In addition, the UN observer organizations International Committee of the Red Cross and International Federation of Red Cross and Red Crescent Societies have entered into “official relations” with WHO and are invited as observers. In the World Health Assembly they are seated alongside the other NGOs.

Regional offices :

The regional divisions of WHO were created between 1949 and 1952, and are based on article 44 of WHO’s constitution, which allowed the WHO to “establish a [single] regional organization to meet the special needs of [each defined] area”. Many decisions are made at regional level, including important discussions over WHO’s budget, and in deciding the members of the next assembly, which are designated by the regions.

Each region has a Regional Committee, which generally meets once a year, normally in the autumn. Representatives attend from each member or associative member in each region, including those states that are not fully recognised. For example, Palestine attends meetings of the Eastern Mediterranean Regional office. Each region also has a regional office. Each Regional Office is headed by a Regional Director, who is elected by the Regional Committee. The Board must approve such appointments, although as of 2004, it had never overruled the preference of a regional committee. The exact role of the board in the process has been a subject of debate, but the practical effect has always been small. Since 1999, Regional Directors serve for a once-renewable five-year term.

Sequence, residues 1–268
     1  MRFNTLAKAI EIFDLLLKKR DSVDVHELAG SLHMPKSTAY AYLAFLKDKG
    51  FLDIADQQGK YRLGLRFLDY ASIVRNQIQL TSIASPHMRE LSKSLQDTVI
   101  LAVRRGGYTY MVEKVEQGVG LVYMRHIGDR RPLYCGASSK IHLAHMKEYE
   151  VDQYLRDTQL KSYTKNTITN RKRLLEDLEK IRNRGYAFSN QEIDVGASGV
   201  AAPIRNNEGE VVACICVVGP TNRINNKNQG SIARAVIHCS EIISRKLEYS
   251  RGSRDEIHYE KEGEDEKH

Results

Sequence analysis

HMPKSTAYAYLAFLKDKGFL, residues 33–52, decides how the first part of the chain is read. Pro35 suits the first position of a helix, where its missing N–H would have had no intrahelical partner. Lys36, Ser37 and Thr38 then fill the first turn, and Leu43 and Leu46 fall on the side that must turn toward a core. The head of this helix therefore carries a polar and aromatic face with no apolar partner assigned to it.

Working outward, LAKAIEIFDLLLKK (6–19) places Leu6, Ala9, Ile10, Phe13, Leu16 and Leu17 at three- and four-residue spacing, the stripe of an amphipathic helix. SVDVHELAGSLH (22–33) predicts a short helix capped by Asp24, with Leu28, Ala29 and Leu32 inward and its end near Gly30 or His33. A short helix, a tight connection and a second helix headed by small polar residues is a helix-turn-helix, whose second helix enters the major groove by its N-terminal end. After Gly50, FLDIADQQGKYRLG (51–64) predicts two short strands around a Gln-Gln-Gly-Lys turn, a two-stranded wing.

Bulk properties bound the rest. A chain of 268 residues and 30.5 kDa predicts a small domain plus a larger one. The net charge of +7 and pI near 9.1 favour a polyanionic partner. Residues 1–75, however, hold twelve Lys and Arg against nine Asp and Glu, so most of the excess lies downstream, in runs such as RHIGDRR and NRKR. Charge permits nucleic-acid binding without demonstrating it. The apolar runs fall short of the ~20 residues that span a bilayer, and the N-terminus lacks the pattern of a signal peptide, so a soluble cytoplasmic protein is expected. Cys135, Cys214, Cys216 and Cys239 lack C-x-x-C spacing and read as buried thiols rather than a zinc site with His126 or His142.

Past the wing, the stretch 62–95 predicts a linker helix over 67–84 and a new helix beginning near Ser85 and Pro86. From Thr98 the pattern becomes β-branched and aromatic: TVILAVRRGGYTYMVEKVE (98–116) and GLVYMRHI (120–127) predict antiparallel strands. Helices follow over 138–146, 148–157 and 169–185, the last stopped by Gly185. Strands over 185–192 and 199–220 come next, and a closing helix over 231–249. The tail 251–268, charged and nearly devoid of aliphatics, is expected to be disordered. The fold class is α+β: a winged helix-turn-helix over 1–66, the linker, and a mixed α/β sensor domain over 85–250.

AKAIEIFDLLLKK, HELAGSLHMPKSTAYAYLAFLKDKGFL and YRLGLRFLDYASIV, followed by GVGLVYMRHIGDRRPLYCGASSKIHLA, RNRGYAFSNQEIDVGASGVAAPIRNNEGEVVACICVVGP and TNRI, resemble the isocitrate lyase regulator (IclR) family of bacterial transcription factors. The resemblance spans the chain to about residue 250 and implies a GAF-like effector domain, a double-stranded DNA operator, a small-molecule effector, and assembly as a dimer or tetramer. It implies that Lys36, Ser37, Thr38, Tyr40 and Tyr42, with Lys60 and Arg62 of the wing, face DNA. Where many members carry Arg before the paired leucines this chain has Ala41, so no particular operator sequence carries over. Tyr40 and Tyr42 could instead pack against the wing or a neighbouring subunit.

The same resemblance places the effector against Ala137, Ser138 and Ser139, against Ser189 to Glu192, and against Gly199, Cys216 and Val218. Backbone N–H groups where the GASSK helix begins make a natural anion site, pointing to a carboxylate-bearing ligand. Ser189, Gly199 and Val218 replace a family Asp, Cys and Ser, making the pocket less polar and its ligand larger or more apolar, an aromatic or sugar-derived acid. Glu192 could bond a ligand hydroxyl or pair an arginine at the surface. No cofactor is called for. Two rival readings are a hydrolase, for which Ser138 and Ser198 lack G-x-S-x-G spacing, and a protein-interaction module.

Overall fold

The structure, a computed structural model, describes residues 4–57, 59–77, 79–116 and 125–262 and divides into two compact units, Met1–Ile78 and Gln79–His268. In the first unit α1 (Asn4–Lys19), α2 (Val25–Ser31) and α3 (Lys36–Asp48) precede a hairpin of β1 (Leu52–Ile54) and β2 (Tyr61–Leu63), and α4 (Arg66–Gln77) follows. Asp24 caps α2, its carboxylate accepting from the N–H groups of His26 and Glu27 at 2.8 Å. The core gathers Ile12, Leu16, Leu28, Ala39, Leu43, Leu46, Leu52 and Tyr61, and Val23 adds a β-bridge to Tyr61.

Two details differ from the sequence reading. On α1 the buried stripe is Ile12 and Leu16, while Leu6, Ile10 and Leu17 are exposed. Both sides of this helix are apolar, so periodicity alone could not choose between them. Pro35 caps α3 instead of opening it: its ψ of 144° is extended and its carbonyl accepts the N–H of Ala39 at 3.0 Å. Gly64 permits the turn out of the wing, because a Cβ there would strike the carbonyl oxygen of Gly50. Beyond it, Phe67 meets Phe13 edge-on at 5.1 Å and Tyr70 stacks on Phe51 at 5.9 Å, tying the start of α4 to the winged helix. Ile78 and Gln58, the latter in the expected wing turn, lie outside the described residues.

Each Regional Committee of the WHO consists of all the Health Department heads, in all the governments of the countries that constitute the Region. Aside from electing the Regional Director, the Regional Committee is also in charge of setting the guidelines for the implementation, within the region, of the health and other policies adopted by the World Health Assembly. The Regional Committee also serves as a progress review board for the actions of WHO within the Region.

The Regional Director is effectively the head of WHO for his or her Region. The RD manages and/or supervises a staff of health and other experts at the regional offices and in specialized centers. The RD is also the direct supervising authority—concomitantly with the WHO Director-General—of all the heads of WHO country offices, known as WHO Representatives, within the Region.

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Overall focus :